The Irish parliament was both the scene of frequent political battles and an important administrative and legal element of the state machinery of early modern Ireland. This institutional study looks at how parliament dispatched its business on a day-to-day basis. It takes in major areas of responsibility such as creating law, delivering justice, conversing with the executive and administering parliamentary privilege. Its ultimate aim is to present the Irish parliament as one of many such representative assemblies emerging from the feudal state and into the modern world, with a changing set of responsibilities that would inevitably transform the institution and how it saw both itself and the other political assemblies of the day. -- .
This book is the first to systematically examine Chinese refugee law and policy. It provides in-depth legal and policy analysis and makes recommendations to relevant stakeholders, drawing upon not only existing legal and policy scholarships but also empirical information acquired through field visits and interviews with refugees, former refugees, and staff of governmental and non-governmental organisations working with displaced population. It is a timely response to rapidly growing international interest in and demand for information about Chinese and Asian approaches to refugee protection in academia and the policy sector.
The euro area sovereign debt crisis has been the greatest threat to the euro since its inception, but the consequences of the crisis go well beyond the realm of macroeconomics: the crisis has cast doubt on the viability of a mechanism of integration such as the one envisaged in Economic and Monetary Union (EMU), and on the future of the European Union as a political project in the face of citizens' growing disaffection. The various responses to the crisis have not only altered the principles underlying EMU; they have also had a profound impact on the constitutional orders of the EU and its Member States. This book focuses on the euro area crisis and its aftermath from a constitutional perspective. It provides a critical analysis of the workings and evolution of Economic and Monetary Union, the changes brought by the crisis and their broader effects, and the constitutional obstacles to integration in this area. Looking forward, it tackles the uncertain future of economic and fiscal integration and the challenges posed. This is a compelling and incisive account of some of the most significant developments and dilemmas facing the European Union since its creation.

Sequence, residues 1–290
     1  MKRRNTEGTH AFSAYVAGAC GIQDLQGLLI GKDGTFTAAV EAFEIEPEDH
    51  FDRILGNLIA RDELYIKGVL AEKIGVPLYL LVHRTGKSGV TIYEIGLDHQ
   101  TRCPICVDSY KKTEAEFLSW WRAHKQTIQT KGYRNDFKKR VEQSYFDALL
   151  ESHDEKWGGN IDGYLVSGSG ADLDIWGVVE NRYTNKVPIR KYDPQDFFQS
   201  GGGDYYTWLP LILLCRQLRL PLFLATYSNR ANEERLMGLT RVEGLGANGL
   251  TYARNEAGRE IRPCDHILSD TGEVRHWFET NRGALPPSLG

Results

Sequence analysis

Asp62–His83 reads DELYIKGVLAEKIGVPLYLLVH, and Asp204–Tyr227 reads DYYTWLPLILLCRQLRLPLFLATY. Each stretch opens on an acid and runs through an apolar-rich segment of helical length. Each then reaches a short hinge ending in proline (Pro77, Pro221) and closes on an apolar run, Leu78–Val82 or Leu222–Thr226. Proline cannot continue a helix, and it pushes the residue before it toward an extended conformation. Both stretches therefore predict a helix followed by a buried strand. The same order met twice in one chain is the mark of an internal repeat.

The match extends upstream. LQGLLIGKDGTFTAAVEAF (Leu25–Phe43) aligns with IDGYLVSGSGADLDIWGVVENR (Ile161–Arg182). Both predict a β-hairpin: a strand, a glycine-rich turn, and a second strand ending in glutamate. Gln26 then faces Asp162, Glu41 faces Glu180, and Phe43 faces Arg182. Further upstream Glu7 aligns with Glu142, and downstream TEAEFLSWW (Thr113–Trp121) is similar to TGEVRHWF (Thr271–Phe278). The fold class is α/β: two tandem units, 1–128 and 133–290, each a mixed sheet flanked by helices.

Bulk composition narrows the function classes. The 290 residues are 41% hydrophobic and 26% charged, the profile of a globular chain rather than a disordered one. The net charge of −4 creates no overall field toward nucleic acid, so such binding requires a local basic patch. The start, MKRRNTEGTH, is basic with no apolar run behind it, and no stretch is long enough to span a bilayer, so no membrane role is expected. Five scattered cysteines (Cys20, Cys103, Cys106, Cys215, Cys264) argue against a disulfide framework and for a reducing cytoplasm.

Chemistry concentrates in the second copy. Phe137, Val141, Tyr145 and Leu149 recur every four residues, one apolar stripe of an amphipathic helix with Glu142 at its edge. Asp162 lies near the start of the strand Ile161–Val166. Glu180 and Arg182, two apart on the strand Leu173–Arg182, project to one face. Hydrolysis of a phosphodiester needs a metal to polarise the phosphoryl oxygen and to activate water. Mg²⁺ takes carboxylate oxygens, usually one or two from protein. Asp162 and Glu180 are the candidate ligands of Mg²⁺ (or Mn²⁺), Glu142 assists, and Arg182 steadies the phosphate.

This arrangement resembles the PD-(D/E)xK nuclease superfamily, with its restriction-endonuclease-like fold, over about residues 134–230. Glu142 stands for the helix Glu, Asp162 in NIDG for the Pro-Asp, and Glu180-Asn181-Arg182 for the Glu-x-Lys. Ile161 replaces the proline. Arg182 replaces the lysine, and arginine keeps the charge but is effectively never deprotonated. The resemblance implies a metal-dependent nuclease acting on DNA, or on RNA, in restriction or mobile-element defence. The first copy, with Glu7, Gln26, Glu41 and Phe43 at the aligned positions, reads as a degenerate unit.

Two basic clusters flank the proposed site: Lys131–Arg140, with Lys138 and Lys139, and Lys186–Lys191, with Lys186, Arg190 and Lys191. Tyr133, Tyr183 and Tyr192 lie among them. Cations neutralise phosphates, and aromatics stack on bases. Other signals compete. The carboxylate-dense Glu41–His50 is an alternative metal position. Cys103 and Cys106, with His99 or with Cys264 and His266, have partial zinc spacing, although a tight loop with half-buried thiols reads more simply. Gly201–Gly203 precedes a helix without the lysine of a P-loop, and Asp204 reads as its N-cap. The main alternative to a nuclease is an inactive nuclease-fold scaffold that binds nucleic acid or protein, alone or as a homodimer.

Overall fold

The Rights of Indians and Tribes, first published in 1983, has sold over 100,000 copies and is the most popular resource in the field of Federal Indian Law. The book, which explains this complex subject in a clear and easy-to-understand way, is particularly useful for tribal advocates, government officials, students, practitioners of Indian law, and the general public. Numerous tribal leaders highly recommend this book. Incorporating a user-friendly question-and-answer format, The Rights of Indians and Tribes addresses the most significant legal issues facing Indians and Indian tribes today, including tribal sovereignty, the federal trust responsibility, the regulation of non-Indians on reservations, Indian treaties, the Indian Civil Rights Act, the Indian Gaming Regulatory Act, and the Indian Child Welfare Act. This fully-updated new edition features an introduction by John Echohawk, Executive Director of the Native American Rights Fund.